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Dash to the Office

Details, a division of Steelcase, presents dash, a high-tech LED task light designed with both the user and the planet in mind.

By Janet Wiens

Details, a division of Steelcase, presents dash, a high-tech LED task light designed with both the user and the planet in mind.

It is easy to overlook the importance of lighting. When offices are designed, the focus typically falls on high-profile additions like workstations, daylighting and ergonomic seating; meanwhile, the details that actually help get the work done, such as task lighting, are specified with much less fanfare.

The good news is that a host of new lighting products, developed in response to advances in technology and sustainability requirements, are grabbing the attention of designers and users alike. Dash, a new LED task light by Details, is a leading example of the new crop of lighting solutions designed with both the user and the planet in mind.

According to Jody Hanson, general manager for Details, dash's story began by analyzing what workers require. "We believed that our company could bring a great new product to market by taking a closer look at what a good user experience really looked like," she says. "LED is a leading-edge technology that continues to improve. There was an opportunity, in our opinion, to bring something unique to the marketplace."

Company officials eventually developed five key goals for the product. A high-performance optics package was required; light distribution had to be even across the work area; effortless movement was essential; the product had to work globally; and the light's manufacturing and performance had to reflect Details' corporate and environmental beliefs.

The design team at Details collaborated with the staff at the London-based firm Foster + Partners to develop concepts and finalize the design over a two-year period. Jeff Charon, product manager for Details, says that team members did not have any pre-defined design ideas when they began the project. "Through ideation—the process of generating concepts and ideas—we designed the fixture around the technology to meet our objectives."

That sense of willingness to follow the design wherever it led the team proved to be invaluable. Charon notes that LED technology advanced during development and that the team switched the light-engine package twice to provide users with the best available technology. In fact, the final product visually resembles early design concepts, but the technology is dramatically different from what was originally considered.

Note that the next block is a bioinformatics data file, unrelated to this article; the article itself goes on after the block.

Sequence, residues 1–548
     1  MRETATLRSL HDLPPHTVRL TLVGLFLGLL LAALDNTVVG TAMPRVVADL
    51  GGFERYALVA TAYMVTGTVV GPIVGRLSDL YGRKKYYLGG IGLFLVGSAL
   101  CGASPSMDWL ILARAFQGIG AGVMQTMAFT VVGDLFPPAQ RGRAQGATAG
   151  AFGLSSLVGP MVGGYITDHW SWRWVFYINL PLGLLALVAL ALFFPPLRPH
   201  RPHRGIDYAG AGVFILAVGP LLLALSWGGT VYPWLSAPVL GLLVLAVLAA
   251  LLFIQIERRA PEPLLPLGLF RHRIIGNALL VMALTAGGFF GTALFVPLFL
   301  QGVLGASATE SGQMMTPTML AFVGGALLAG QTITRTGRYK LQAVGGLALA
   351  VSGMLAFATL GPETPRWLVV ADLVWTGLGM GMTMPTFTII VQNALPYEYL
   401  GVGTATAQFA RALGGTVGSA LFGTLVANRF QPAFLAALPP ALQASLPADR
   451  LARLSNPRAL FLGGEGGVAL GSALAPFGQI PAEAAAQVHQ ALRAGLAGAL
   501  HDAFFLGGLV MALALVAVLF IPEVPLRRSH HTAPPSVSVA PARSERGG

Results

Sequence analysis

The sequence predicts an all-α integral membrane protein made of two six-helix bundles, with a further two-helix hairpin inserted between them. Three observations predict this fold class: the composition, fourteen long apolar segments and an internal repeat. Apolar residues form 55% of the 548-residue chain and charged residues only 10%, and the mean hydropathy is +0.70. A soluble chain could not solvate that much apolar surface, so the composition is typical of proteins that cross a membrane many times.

"The ability to change the light head was part of our original plan, and we certainly saw the value of that during design," Charon says. "Customers can change the light head as technology improves and they can also replace the light head in the field if there is a failure. It's a sustainable approach."

Dash was finally introduced to the world at NeoCon in 2010; a year later, designers continue to be attracted to the lamp's refined senses of style and function.

"Our success in the U.S. has been excellent, and we anticipate the same results when we introduce in the European market this June and when we enter the Asian market at a later date," Hanson says. "We staggered dash's introduction into various international markets to make certain that our manufacturing and distribution channels were appropriate."

It is easy to see why designers and users have found dash so appealing. The LED head provides a consistent and optimum pool of light across the work surface, and the removable design means that it can be easily replaced when its 50,000 hours of rated LED life are complete or technology advances, whichever comes first.

One of dash's other important features is its wireless construction. Electricity passes through a wireless current which eliminates the use of PVC, another environmental consideration. The elimination of wires also allowed the team to achieve the ability to rotate the lower arm 360 degrees along the axis of the base. (The head can also rotate 360 degrees along the horizontal plane.) A variable spring force in the arm allows for easy adjustability.

Charon notes that dash has other notable sustainable attributes. "Dash is the first free-standing LED task light to achieve BIFMA level 1 certification," he says. "It is 97 percent recyclable and has 32 percent recycled content, and requires only 8 watts of power. Our key supplier is located 30 miles from us, which speaks to the thoughtfulness behind our supply chain."

The light may be used as a freestanding unit or may be rail-mounted. The design allows users to extend the arm to a maximum horizontal reach of 32 inches, which provides easy use in even the deepest of work surfaces. Equally important, the ability to rotate the head means that users can easily select from indirect or direct illumination.

The light comes in three standard finishes—arctic white, black and platinum—that Charon says allows dash to be successfully integrated with a range of furniture palettes. Six accent or trend colors are also available, which will change over time, based on evolving design trends. Requests for custom colors are accommodated through the company's Perfect Match program.

Dash's design, beauty and sustainable features make it a strong choice when it comes to LED task lighting. To learn more, visit the company's website at Information on Foster + Partners can be found at

Janet Wiens is a freelance writer based in Memphis, TN. She was formerly a marketing manager for HNTB and now works with industry clients to address their marketing and public relations needs. She can be reached at